The patient survival rates in our study were 97.7%, 94.8%, and 92.4% at 1, 5, and 12 years, respectively. In an earlier study by Rizzari et al22 in transplant recipients (64% LD and 36% DD), treated with RDP protocol, the patient survival rates at 1, 5, and 10 years were 98%, 90%, and 71% for LD transplant recipients and 95%, 86%, and 62% for DD recipients, respectively. Another prospective randomized study by Suszynski et al21 evaluated an RDP protocol and compared 3 different maintenance immunosuppression regimens. The 10-year patient survival rate was comparable across the 3 regimens and was ≈70%.
The graft survival rate at 1, 5, and 12 years in our study was 97.2%, 90.9%, and 86.1%, respectively; and death-censored graft survival was 93.5% at 12 years. The graft survival rates reported by Rizzari et al22 were 96%, 82%, and 61% for LD recipients and 94%, 77%, and 51% for DD recipients at 1, 5, and 10 years, respectively. In the study by Suszynski et al,21 the overall 10-year graft survival and death-censored graft survival rates were ≈60% and 80%, respectively. In another retrospective study by El-Faramawi et al20 evaluating the outcomes of complete steroid-avoidance immunosuppression, the graft survival rates at 1, 5, and 7 years posttransplantation were 95%, 77%, and 72%, respectively.
In the organ procurement and transplantation network (OPTN) report published in 2016, the 5- and 10-year all-cause graft failure was 26.5% and >50% in DD transplant recipients and 14.3% and >35% in LD transplant recipients, respectively.24 These graft failure rates are higher than the graft loss of 6.56% noted in our study at 12.3 years. All-cause graft failure in our study was 11.6% at 12 years.
The reasons for the improved patient and graft survival rates in our study could have been the addition of low-dose preoperative rituximab to thymoglobulin induction (a novel induction method rarely cited in the literature), aggressive cardiovascular screening (resulting in low posttransplant mortality due to ischemic heart disease), lowered infection rate due to steroid withdrawal, and aggressive biopsy procedure—which included protocol biopsies. The utility of protocol biopsies in detecting multiple problems, including subclinical acute rejection, BK viremia, CNI toxicity, and IF/TA among others, remains proven in earlier studies.25-29 Protocol biopsies have also been found to guide early treatment, lower the graft loss, and improve functional outcomes after kidney transplantation.25,26
The early acute rejection rate in our study was 12.7%, which included 3.5% subclinical rejection. In the study by El-Faramawi et al,20 the acute rejection rate with a complete steroid-avoidance protocol within the first year of transplantation was 19%. The 10-year biopsy-proven acute rejection rate with an RDP protocol in the study by Suszynski et al21 was in the range of 20%–30%.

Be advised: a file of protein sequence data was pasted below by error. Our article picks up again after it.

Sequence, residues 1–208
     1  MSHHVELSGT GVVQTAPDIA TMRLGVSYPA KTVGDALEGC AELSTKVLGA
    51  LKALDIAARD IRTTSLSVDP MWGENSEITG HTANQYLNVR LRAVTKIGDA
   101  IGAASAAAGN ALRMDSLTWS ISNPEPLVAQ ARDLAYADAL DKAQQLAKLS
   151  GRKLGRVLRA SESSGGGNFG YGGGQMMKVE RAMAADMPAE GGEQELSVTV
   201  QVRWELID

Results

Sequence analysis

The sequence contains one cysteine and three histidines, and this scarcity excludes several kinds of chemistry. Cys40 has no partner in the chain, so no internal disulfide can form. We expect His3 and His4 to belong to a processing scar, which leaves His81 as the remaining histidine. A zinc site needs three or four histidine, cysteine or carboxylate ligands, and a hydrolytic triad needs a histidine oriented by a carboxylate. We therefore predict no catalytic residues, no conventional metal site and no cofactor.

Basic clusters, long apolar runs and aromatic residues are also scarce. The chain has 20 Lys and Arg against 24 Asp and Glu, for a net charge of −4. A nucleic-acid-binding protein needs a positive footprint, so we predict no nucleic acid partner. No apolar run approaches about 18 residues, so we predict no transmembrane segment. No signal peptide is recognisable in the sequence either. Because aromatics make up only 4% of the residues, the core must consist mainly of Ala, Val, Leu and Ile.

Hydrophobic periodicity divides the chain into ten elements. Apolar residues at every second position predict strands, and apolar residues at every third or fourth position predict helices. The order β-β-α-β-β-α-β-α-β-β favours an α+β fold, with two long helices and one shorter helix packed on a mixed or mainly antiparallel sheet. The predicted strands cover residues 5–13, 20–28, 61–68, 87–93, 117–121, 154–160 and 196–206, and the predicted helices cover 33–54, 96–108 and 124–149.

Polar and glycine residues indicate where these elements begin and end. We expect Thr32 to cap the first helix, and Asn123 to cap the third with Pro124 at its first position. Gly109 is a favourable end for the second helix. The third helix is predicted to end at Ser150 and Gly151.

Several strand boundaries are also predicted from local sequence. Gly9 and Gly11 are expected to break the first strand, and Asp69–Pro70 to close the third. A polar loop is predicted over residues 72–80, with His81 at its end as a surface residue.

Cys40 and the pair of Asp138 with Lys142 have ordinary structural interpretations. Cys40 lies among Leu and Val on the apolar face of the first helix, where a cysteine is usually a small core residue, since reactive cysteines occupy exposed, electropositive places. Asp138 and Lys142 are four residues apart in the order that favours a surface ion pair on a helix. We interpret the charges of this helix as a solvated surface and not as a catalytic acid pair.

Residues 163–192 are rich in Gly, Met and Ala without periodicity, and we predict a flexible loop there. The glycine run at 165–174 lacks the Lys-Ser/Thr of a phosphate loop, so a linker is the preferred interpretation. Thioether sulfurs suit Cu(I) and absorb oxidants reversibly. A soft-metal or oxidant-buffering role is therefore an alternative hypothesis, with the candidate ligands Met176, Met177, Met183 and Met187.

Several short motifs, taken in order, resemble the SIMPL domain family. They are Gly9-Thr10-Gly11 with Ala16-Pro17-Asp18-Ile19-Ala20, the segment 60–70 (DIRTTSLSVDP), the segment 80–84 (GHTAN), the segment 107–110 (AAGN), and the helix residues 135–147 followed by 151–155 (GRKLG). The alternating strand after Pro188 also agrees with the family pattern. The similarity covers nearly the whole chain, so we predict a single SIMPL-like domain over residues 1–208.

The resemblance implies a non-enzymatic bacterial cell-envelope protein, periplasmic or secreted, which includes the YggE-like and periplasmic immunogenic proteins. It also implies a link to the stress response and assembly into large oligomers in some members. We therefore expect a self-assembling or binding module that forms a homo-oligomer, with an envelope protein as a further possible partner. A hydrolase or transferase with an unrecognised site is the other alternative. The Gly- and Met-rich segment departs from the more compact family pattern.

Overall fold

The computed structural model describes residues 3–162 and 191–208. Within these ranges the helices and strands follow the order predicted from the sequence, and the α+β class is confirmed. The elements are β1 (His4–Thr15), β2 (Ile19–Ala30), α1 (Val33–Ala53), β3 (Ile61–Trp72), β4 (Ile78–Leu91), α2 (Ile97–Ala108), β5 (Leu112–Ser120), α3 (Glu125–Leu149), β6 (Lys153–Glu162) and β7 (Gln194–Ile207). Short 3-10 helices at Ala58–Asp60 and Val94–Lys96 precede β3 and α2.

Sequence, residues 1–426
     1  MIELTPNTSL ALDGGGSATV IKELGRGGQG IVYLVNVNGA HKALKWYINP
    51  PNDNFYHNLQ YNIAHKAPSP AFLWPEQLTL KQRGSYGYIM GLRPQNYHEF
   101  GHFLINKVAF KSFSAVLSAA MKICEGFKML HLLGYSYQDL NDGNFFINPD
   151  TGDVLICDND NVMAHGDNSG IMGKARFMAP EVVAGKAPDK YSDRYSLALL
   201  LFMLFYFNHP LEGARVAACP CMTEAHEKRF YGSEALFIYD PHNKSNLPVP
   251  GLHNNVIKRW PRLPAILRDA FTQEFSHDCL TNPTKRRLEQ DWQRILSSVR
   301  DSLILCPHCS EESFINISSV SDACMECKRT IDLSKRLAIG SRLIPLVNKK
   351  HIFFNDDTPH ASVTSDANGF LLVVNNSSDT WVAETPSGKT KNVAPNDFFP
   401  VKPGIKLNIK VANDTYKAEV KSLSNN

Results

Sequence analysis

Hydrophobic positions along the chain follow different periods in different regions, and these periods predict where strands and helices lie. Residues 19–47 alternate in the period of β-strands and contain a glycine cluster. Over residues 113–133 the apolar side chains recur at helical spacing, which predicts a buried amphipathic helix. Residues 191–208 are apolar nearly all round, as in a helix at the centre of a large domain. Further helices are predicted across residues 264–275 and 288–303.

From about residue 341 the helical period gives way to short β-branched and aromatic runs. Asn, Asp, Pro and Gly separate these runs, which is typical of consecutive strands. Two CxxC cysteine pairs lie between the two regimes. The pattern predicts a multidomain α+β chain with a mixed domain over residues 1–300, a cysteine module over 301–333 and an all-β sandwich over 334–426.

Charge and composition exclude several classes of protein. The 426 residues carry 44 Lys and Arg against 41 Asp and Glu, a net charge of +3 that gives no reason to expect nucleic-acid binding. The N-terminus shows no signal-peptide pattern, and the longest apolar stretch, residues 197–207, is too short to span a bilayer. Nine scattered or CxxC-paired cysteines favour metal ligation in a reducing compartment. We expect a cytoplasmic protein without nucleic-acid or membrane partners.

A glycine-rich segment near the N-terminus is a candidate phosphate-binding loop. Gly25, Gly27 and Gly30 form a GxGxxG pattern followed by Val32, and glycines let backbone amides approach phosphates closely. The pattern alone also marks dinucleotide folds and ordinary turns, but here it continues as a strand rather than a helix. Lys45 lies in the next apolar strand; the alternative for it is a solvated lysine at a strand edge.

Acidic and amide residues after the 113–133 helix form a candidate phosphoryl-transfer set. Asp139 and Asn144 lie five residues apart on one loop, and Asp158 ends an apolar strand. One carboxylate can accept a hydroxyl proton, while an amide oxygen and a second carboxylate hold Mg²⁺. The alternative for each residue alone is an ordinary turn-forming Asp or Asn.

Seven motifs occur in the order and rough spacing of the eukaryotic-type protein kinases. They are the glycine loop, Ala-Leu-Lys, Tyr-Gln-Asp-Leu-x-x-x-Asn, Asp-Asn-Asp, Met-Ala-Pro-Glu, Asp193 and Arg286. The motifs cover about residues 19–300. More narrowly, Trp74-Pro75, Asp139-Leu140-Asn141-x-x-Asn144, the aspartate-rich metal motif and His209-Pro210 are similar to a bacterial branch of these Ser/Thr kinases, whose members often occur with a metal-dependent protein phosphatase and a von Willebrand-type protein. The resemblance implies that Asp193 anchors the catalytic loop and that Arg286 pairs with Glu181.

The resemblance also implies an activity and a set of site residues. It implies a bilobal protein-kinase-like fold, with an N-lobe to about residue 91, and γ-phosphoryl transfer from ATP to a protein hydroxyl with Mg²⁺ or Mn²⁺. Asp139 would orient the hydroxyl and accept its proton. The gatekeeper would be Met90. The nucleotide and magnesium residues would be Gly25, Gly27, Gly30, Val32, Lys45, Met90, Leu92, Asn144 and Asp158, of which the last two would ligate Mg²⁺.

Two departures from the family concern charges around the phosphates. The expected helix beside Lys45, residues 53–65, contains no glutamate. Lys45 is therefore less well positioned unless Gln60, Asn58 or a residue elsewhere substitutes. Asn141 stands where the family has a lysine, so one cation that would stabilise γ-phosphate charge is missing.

The lower rates of acute rejection in our study may be due to thymoglobulin induction, regular use of preoperative low-dose rituximab, and consistent use of tacrolimus-based immunosuppression in all study patients; everolimus was administered only in cases of suspected CNI toxicity. Induction with thymoglobulin and tacrolimus-based immunosuppression has been proposed to lower acute rejection in earlier studies.30 In a recent study that randomized de novo kidney transplant recipients to convert to everolimus or remain on standard CNI therapy at 10–14 weeks after transplantation, the rates of biopsy-proven acute rejection were lower in the group that continued to receive tacrolimus compared to the group that received everolimus. Furthermore, discontinuation due to adverse events was more in the everolimus group compared to the CNI group.31 A recent meta-analysis by Zhao et al32 demonstrated significantly lower rates of acute rejection in sensitized patients treated with rituximab before renal transplantation. Furthermore, induction with low-dose rituximab has been found to result in low acute antibody-mediated rejection rates and high patient and graft survival rates in ABO-incompatible kidney transplantations as well.33
The use of protocol biopsies may be a plausible explanation for the lower rates of graft loss in our study. Literature stands proof of the potential role of protocol biopsies in detecting subclinical acute rejection,34 chronic allograft nephropathy,35 and inflammation after renal transplantation.36 Early detection and management of these conditions may help lower the graft loss and prevent the decline in graft function and survival.25,37,38 Aggressive use of biopsies avoided the unnecessary use of steroid pulse therapy for the treatment of acute rejection empirically.